From the 1st October 2015, Landlords will be required by law to install Smoke Detectors
& Carbon Monoxide Detectors
Summary of the Legislation:
A smoke alarm is now required on every story.
A Carbon Monoxide (CO) alarm must be installed in every room with a solid fuel burning appliance.
Alarms must be tested and working on the start of each tenancy.
Penalties of up to £5,000 enforced by local authorities.
There is no grace period.
The regulations do not stipulate the type of alarm to be installed however the Q&A booklet states: ‘Landlords should make an informed decision and choose the best alarms for their properties and tenant’.
Although the legislation refers only to solid fuel burning appliances in relation to CO alarms, the Q&A booklet states in relation to gas appliances that: ’we would expect and encourage reputable landlords to ensure that working carbon monoxide alarms are installed in rooms with these [gas appliances].’
Why are these changes being made?
The proposed legislation is part of a wider effort to increase fire and carbon monoxide safety across the UK. The statistics below, drawn from a variety of sources, highlight why the government has been so keen to redress the imbalance between protection levels for private tenants versus the rest of the housing sector.
Smoke alarm coverage in privately rented accommodation stands at 83%. This is the lowest of any housing type.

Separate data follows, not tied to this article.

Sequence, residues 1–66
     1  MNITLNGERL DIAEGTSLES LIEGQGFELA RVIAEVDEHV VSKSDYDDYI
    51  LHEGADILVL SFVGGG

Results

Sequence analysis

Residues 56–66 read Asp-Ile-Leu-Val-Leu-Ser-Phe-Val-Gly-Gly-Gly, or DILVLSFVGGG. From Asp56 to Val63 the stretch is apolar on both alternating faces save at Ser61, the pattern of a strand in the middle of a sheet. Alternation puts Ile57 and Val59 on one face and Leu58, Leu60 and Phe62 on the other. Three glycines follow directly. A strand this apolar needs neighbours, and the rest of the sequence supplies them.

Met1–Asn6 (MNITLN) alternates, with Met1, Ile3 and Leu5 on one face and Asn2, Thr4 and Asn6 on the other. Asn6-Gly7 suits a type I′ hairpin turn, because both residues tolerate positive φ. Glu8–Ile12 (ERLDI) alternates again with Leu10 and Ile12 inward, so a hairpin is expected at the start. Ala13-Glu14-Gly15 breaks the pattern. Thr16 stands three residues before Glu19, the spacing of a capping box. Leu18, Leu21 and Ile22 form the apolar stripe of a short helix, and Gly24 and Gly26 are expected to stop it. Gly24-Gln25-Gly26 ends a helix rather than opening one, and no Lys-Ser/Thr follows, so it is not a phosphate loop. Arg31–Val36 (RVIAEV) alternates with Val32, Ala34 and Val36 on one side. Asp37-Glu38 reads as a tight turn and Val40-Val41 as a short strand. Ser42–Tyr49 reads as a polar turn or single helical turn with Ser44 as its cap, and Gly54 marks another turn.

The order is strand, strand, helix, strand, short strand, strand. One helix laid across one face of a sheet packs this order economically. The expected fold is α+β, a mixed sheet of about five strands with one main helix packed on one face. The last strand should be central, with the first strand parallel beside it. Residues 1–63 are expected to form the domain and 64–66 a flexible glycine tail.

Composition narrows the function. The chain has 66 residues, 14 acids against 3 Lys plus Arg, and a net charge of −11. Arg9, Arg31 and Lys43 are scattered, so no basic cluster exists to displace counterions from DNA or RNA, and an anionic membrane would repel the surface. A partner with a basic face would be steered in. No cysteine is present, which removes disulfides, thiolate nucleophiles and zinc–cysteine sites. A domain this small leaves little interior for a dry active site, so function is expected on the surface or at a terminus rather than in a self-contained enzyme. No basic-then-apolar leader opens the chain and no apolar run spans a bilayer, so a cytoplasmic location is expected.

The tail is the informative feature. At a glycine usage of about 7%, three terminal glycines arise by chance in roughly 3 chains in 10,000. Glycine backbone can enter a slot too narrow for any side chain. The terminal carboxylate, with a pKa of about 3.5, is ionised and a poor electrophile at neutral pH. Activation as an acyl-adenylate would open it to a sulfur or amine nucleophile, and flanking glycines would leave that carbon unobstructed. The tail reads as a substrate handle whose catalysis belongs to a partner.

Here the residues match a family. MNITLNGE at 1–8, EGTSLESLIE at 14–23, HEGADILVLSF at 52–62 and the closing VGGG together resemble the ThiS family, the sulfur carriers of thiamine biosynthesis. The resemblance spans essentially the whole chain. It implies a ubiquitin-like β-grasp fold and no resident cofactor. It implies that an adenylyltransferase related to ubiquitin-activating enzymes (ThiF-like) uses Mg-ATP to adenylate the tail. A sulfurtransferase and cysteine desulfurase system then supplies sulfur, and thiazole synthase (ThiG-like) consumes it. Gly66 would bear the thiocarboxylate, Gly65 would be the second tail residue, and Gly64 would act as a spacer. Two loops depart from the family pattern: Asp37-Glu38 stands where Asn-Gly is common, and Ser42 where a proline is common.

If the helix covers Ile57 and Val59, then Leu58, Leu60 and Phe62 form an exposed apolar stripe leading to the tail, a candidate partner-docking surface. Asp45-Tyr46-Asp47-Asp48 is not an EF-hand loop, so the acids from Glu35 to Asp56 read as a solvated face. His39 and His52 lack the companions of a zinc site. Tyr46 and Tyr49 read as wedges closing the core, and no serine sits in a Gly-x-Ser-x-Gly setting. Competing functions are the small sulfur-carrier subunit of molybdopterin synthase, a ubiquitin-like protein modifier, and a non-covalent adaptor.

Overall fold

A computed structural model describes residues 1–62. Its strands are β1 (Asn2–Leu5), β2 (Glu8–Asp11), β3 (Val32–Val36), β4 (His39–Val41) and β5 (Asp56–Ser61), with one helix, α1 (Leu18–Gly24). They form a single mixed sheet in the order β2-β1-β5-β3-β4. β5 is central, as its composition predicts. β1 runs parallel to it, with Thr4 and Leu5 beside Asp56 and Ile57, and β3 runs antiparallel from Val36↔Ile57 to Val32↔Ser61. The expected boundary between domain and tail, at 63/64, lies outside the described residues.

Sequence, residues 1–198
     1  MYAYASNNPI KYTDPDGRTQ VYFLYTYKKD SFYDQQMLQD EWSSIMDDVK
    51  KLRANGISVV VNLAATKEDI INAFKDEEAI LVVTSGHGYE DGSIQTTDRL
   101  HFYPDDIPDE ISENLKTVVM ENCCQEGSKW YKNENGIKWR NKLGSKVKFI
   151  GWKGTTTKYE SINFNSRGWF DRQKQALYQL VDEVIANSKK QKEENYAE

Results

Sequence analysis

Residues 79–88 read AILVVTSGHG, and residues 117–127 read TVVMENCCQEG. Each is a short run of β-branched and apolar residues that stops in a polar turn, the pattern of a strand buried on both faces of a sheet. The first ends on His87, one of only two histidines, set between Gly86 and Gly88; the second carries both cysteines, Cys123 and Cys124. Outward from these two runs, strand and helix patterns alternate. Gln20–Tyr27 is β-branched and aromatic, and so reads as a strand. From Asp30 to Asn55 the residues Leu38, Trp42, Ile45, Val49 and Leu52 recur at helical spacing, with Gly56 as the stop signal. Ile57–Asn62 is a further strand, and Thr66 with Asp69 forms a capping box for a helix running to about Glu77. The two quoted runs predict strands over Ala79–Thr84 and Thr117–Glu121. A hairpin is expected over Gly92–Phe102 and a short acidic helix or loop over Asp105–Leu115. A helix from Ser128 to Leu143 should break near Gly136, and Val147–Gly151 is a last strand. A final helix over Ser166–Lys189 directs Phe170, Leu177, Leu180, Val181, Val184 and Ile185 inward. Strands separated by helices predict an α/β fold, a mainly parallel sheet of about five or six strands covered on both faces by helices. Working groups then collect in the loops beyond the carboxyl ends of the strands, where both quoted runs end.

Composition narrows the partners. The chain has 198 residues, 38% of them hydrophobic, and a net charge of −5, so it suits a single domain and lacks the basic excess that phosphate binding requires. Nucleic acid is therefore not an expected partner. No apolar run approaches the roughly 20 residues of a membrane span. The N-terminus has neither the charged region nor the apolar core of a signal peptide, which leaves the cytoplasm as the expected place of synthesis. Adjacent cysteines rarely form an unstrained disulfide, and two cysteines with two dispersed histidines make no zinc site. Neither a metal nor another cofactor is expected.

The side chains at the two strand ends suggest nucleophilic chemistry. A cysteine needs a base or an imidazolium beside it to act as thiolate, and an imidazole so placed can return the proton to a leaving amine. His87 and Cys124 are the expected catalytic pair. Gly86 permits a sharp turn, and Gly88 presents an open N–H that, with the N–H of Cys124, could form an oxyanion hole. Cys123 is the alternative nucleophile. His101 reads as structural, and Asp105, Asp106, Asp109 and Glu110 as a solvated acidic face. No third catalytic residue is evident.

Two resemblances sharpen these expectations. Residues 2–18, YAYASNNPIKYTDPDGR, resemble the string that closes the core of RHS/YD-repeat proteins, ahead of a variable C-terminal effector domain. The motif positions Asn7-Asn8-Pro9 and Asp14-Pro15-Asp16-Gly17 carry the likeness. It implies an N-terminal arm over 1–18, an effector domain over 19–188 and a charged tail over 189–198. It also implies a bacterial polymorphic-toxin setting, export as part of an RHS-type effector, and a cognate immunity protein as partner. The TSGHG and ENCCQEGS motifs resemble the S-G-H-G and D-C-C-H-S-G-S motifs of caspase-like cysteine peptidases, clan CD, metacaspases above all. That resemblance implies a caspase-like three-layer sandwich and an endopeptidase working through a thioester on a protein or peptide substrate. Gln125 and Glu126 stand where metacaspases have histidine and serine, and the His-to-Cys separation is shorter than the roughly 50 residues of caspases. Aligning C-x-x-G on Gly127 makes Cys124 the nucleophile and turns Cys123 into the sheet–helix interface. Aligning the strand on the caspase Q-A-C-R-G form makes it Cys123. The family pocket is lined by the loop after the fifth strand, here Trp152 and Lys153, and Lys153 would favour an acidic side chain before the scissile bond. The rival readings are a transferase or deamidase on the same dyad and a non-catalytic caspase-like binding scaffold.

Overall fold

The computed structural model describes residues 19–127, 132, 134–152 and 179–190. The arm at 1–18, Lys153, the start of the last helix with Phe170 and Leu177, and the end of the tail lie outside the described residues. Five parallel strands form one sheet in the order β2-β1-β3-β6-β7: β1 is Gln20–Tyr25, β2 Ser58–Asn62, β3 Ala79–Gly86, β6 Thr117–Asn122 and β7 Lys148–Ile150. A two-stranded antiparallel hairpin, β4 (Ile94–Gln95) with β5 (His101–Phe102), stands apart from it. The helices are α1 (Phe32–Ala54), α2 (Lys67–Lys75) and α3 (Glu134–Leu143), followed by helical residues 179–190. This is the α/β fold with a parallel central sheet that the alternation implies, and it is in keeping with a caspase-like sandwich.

Source Official Impact Assessment conducted by government prior to announcement of legislation.
Between April 2013 and March 2014, 97 people died and 1900 were injured in domestic fires affecting properties where no smoke alarm was present.
Source: Fire Statistic Great Britain 2013-14
The risk of a CO related incident occurring in the private rental sector is three times greater than the risk for other housing types.
Source: Gas Safety Trust Carbon Monoxide Incident Report 2012
A study of 1758 emergency department patients displaying symptoms that could be associated with CO poisoning found that only 16% had a CO alarm installed in their home.
Source: BMJ (formerly British Medical Journal) Article 2012
Who is responsible for maintaining the alarms?
In basic terms, landlords must ensure that alarms are provided and working, but routine maintenance and testing then falls to the occupants of the property. Should the alarms develop a fault or expire during a tenancy it remains the responsibility of a landlord to replace them.
The proposed legislation states that a landlord must make certain that: "checks are made by or on behalf of the landlord to ensure that each prescribed alarm is in proper working order on the day the tenancy begins if it is a new tenancy"
Once the alarms have been established as working, whether a new tenancy or a tenancy overlapping the introduction of the legislation, many landlords ask tenants to sign a document confirming that alarms have been tested in their presence. This can also be used to clarify for the benefit of the tenants that the duty of maintenance falls to them from that point forwards.
If you are a landlord and looking for smoke & Carbon Monoxide Alarms, look no further than our extensive range of Smoke Alarms
, CO Carbon Monoxide Alarms
and applicable batteries